Skip to Content

Leasing 101: A Comprehensive Guide for Property Investors

Landlord and Tenant Discussing Lease Agreement Acquiring and owning single-family rental properties can be an exciting and satisfying investment. Unlike other types of investments, there are several factors you need to consider to successfully go from a property owner to a landlord. Suppose you are a Southampton rental property owner and are preparing to lease for the first time. Therefore, it is crucial to fully understand the basics of leasing strategies and, even more importantly, the laws that now apply to you and your renter. We’ve assembled a comprehensive guide to get you started on leasing your first property. By obeying these easy guidelines, you can make your first experience a successful one.

Renter Screening Process

One of the first and most important steps in leasing your rental property is finding the right renter. And the way to do that is to have a good tenant screening process for each applicant. You’ll need to gather information from your prospective renter to help you determine whether they are the ones you’re looking for. At a minimum, encourage them to fill out an application that contains all intended home occupants’ names and birth dates (such as those under 18), five years of employment history, and at least three past rental references. Additionally, you should obtain the Social Security numbers for all adult renters and conduct a background check on every one of them. Next, call and verify the information on their application. If necessary, get in touch with any previous landlords and get details on their renting history. It may take a while, but the more research you do before you sign that lease, the less likely you’ll get caught off guard in the future.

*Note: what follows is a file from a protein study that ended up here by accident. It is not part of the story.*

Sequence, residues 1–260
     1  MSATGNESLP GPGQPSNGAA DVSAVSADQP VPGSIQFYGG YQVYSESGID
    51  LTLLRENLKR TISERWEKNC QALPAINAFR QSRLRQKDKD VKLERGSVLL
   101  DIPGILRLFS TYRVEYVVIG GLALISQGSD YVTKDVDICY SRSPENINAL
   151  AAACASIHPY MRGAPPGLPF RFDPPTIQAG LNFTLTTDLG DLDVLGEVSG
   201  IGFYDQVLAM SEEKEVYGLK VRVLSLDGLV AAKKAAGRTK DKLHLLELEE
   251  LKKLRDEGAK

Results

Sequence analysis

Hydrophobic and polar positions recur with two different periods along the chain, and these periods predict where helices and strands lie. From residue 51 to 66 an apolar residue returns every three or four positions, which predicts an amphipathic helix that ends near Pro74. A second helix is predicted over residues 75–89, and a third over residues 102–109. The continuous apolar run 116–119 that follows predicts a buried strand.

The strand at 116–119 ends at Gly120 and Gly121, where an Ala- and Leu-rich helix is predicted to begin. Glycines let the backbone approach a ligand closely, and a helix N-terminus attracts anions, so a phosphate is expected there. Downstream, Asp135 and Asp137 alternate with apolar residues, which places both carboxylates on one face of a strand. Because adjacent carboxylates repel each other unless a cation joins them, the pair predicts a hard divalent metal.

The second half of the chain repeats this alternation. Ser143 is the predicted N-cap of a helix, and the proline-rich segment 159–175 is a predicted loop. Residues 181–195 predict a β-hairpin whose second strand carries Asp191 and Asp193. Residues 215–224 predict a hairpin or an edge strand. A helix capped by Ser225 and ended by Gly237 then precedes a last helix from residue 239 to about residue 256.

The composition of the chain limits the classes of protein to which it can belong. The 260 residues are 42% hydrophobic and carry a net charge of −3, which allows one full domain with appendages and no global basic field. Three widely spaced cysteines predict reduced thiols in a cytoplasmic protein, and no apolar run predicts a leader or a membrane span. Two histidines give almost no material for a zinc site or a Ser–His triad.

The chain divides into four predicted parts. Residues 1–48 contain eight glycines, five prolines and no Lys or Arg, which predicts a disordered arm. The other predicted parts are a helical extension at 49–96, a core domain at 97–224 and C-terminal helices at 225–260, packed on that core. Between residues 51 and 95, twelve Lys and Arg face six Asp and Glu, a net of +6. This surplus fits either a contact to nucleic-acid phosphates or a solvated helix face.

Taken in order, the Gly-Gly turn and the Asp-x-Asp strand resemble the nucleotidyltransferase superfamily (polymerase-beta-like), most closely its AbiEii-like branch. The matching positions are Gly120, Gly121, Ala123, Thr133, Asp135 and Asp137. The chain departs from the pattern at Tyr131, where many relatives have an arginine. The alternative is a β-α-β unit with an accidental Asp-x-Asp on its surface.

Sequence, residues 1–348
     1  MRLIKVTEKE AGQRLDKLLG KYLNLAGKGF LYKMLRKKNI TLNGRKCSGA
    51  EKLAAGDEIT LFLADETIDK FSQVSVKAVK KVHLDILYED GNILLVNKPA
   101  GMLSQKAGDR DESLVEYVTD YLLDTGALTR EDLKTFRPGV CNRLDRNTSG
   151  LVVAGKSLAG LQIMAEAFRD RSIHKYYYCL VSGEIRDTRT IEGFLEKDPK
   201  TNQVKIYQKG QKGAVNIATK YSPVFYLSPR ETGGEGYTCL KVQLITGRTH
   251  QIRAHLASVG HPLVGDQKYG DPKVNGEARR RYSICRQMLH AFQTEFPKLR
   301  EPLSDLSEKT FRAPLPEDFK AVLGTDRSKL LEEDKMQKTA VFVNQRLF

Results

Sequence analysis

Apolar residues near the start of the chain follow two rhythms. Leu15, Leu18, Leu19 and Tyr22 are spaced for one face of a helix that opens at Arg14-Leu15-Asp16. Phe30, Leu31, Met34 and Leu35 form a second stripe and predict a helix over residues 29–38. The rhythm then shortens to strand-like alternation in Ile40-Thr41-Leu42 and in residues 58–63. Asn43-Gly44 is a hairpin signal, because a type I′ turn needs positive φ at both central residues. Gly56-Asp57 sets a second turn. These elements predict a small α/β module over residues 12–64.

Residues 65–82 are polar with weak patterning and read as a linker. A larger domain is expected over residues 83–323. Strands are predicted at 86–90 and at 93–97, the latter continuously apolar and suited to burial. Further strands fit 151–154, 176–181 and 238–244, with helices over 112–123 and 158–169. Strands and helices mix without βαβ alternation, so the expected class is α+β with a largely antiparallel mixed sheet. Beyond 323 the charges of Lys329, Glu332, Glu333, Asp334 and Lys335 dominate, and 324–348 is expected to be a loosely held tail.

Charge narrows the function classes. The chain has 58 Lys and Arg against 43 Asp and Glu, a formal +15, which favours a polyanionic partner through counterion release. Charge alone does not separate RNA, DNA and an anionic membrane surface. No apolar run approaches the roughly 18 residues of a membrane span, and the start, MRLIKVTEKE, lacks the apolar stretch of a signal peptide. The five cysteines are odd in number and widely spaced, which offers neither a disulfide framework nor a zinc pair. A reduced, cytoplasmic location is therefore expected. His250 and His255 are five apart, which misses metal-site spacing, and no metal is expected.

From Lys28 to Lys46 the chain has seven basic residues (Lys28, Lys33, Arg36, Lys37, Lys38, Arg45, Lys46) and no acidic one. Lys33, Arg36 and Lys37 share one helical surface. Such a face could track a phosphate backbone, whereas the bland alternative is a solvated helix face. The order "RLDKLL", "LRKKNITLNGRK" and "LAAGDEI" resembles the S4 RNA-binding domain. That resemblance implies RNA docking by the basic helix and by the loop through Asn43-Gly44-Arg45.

Avoiding Discrimination

As you advertise to and screen renters, it’s critical to prevent discriminating against potential renters, even inadvertently. Many federal laws make it unlawful to discriminate against a renter based on race, sex, color, national origin, religion, handicap, and familial status. These laws include:

  • Fair Housing Act (FHA): The Fair Housing Act (FHA) is a federal law that prohibits discrimination in housing based on race, color, national origin, religion, sex, familial status, or disability. The FHA applies to all aspects of the rental process, including advertising, tenant selection, and terms and conditions of tenancy.
  • Americans with Disabilities Act (ADA): Also covered by FHA is a federal law that prohibits discrimination against individuals with disabilities. Landlords who own multi-unit buildings of 4 units or more are necessitated to make reasonable accommodations for those with disabilities, such as giving accessible parking spaces or putting grab bars in bathrooms.
  • Age Discrimination in Employment Act (ADEA): The Age Discrimination in Employment Act (ADEA) is a federal law that bans discrimination against individuals 40 years of age or older. Although the ADEA is originally meant to protect employees, it also prohibits discrimination in housing based on age.
  • Equal Credit Opportunity Act (ECOA): The Equal Credit Opportunity Act (ECOA) is a federal law prohibiting discrimination in credit transactions, including rental transactions. Under the ECOA, landlords may not discriminate against individuals based on their race, color, national origin, religion, sex, marital status, age, or because they receive public assistance.